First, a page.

There were tangible efforts made last week by both the European Union (EU) and Community of Latin American and Caribbean States (CELAC) to re-energise the relationship between the two regions after an eight-year EU-CELAC hiatus.
The Third Summit of the EU-CELAC was held on July 17 to 18 in Brussels, Belgium under the Spanish Presidency of the Council of Europe with President Pedro Sánchez as one of the main co-hosts.
The Summit was co-chaired by Prime Minister Dr. Ralph Gonsalves of Saint Vincent and the Grenadines.
This was a meaningful event for the subregion as the country is one of the smallest member states of the Caribbean Community (CARICOM) and the CELAC 33-member political grouping.
Saint Vincent and the Grenadines currently holds the Pro-Tempore Presidency of CELAC until January 2024. Also co-chairing was President of the European Council, Charles Michel.
The Third EU-CELAC Summit brought together 60 countries representing more than one-third of the United Nations.
Heads of state demonstrated their commitment to engage in valuable deliberations, and working towards the achievement of a better tomorrow, despite an exceedingly difficult political environment globally.
At the beginning of the Summit, Prime Minister Gonsalves alluded to the underlying global sentiments,
“We are assembling at a time of terrifying global turmoil and war and discord. A broken and unworkable financial architecture and the awesome contemporary challenges of an existential kind, particularly those relating to climate change, pandemics, poverty, food security, citizens’ security, inequality between and within nations, injustices galore.”
Prime Minister Gonsalves went on to note, “We can devise and implement solutions for a better world for all of humanity, not only for a privileged minority in a few nations.
But for us to succeed we must put an end to the wholly unacceptable notion that the strong with impunity do what they can, and the weak suffer ignominiously what they must.”
The EU-CELAC presented the Pro-Tempore Presidency with the outsized task of resolving regional disputes while working to strengthen the relationship between the two sides, in a world that continues to be characterized and shaped by elevated levels of geopolitical meandering and competing ideologies.
The Presidency of CELAC competently led the way by managing several gutsy engagements leading up to and during the Summit, after an extended period of dormancy of the EU-CELAC grouping.
Director General of the Organisation of Eastern Caribbean States (OECS) highlighted, “The EU-CELAC Summit under the Pro-Tempore Presidency of Prime Minister Gonsalves of St. Vincent & the Grenadines represented a watershed return to dialogue between the European Union, Latin America and the Caribbean.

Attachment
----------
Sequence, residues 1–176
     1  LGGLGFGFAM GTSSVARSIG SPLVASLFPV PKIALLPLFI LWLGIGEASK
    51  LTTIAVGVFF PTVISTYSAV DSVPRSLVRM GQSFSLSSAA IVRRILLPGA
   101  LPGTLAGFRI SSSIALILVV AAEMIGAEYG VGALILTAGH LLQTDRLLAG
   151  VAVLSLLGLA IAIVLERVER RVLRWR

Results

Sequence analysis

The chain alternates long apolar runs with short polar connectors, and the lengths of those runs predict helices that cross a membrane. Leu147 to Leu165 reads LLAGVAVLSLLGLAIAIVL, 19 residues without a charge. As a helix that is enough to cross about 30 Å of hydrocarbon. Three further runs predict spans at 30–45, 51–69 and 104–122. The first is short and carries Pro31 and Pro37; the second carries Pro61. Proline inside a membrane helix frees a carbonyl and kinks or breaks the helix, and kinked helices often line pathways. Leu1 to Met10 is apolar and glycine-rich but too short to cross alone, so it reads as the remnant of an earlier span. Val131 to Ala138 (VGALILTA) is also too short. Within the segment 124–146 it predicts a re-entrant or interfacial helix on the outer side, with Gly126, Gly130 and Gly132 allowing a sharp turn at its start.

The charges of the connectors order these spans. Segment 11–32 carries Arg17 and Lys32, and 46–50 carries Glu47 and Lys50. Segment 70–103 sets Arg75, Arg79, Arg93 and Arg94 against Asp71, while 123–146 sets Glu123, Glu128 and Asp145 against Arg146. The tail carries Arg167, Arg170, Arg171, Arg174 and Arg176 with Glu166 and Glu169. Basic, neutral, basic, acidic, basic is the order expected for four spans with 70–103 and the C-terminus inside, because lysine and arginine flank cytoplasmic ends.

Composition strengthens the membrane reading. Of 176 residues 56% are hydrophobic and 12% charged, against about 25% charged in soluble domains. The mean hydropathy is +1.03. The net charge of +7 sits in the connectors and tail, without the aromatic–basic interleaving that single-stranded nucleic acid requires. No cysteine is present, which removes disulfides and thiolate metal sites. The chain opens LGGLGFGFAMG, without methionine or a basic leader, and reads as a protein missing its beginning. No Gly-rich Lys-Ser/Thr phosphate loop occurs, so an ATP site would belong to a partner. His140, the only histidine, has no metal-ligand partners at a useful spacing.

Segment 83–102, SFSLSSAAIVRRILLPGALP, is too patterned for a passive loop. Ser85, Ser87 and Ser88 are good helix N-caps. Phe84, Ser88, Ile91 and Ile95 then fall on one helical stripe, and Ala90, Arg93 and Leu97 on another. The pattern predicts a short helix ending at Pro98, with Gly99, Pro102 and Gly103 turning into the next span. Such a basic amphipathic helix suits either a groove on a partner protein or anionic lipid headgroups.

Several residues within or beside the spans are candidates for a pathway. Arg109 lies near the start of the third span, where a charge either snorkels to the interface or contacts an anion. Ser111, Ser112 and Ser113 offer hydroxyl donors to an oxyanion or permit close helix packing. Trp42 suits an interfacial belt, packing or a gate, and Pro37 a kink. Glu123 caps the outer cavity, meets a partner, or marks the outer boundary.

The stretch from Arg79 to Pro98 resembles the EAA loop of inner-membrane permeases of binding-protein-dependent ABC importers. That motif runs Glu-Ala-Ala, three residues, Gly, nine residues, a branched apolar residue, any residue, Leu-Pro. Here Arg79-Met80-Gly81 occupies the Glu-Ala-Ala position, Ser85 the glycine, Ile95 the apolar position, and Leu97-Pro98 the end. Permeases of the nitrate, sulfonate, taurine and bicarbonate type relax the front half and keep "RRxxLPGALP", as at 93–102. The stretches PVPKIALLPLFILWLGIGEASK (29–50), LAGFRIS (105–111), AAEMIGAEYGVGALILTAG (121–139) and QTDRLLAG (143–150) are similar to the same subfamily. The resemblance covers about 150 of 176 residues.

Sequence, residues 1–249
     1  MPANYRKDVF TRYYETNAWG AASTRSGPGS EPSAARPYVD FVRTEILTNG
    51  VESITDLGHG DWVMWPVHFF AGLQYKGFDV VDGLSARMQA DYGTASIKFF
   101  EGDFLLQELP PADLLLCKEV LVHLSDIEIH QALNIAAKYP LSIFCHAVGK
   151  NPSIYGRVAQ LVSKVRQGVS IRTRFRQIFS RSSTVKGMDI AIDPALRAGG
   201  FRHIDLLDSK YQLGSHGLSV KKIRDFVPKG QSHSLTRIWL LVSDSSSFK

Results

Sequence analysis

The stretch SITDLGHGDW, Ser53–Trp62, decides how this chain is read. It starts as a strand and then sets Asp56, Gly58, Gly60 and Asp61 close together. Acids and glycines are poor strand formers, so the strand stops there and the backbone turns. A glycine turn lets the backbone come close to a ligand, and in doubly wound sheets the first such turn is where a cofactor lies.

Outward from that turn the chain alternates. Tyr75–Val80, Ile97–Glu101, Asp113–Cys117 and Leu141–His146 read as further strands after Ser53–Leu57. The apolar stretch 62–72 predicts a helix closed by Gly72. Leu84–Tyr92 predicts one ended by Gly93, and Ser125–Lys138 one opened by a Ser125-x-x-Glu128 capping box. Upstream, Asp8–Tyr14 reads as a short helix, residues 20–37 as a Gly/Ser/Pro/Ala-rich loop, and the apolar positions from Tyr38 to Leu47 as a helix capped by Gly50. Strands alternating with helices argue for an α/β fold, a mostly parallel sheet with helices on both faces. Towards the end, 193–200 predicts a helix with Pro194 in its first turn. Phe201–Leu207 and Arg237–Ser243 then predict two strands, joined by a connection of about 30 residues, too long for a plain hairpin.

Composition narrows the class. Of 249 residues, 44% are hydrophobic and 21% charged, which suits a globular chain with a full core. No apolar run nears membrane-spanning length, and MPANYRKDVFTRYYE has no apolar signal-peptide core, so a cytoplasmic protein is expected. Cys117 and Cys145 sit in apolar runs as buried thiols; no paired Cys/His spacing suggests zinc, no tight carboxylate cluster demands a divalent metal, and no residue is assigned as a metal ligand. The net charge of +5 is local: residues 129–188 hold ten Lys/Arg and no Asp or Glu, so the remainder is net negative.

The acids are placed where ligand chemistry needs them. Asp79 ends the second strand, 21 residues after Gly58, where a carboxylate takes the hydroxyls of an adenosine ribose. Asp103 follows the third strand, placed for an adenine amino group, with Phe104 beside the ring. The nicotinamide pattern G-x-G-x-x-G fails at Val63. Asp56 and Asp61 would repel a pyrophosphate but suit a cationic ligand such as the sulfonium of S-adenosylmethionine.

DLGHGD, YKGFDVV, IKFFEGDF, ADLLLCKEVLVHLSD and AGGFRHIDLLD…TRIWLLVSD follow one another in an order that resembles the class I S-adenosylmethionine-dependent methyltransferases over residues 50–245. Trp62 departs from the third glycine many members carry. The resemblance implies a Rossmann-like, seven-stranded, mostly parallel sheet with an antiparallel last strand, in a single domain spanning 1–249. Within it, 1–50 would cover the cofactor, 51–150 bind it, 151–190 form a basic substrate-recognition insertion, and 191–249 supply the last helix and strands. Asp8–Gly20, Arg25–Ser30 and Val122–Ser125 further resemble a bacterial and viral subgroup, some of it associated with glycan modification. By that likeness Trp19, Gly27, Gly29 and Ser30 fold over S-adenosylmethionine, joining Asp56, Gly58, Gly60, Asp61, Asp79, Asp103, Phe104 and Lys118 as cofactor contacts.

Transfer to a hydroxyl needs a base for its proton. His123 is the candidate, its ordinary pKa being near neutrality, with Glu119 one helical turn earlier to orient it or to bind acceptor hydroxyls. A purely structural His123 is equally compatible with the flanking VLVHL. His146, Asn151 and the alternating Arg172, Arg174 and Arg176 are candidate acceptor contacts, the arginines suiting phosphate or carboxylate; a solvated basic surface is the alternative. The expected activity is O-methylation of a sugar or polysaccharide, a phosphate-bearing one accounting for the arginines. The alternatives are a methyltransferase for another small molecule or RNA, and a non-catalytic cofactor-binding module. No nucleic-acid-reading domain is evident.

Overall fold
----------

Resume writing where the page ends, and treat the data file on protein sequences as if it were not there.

The leadership of St. Vincent & the Grenadines was instrumental in bringing a balanced and respectful tone to the contentious issues but also demonstrated the maturity of the small states of the Caribbean in continental diplomacy.
In spite of the scepticism of many observers, the dialogue has inspired hope for continued frank discussions and the demonstration of concrete collaboration between the EU and the membership of CELAC.”
After several rounds of intense last-minute negotiations, both sides finally endorsed what was thought would have been an elusive Summit Declaration.
This Summit Declaration was endorsed by all but one member state.
It aims to build on the current momentum by relaunching the regular EU-CELAC high-level political dialogue through committed, coordinated action in the multilateral fora in areas of common interest and ongoing trade negotiations between the regions.
One of the major highlights of the Summit was the launch of a funding envelope of €45 billion called the Global Gateway Investment Agenda (GGIA).
This envelope will support a list of projects and initiatives identified by member states and implemented by the private sector, with financial support from multilateral and national authorities.
The GGIA envelope includes a €9.4 billion contribution from the Spanish government. GGIA will seek to make interventions in key sectors inter alia energy, transport, infrastructure, digital, education and research.
The Caribbean region was well represented at the Summit with nearly every head of state in attendance.
Also present were high-level representatives from key regional institutions and the secretariats of integration organisations including the CARICOM Secretariat, Latin America Economic Association (SELA), the Association of Caribbean States (ACS), Central American Integration Association (SICA), Latin American Integration Association (ALADI), the Caribbean Development Bank (CDB), the Organisation of Eastern Caribbean States and Caribbean Export.
Caribbean leaders also took part in an extensive EU-CELAC programme of activities and separate bilateral and multilateral meetings with member states from both regions.
Heads of state and officials engaged in constructive high-level dialogue with representatives from the private sector, civil society, and international and financial institutions over the two days.
A notable feature of this year’s Summit programme was the EU-Caribbean Leaders’ Meeting and a meeting held with the EU Commissioner of Home Affairs, Ylva Johansson, with heads of state of jurisdictions that operate a citizenship by investment (CBI) programme.
Among the major deliverables of the long-awaited Summit are the Summit Joint Declaration, EU-CELAC Roadmap for 2023-25, an EU-LAC Coordination Mechanism and the Global Gateway Investment Agenda (GGIA).
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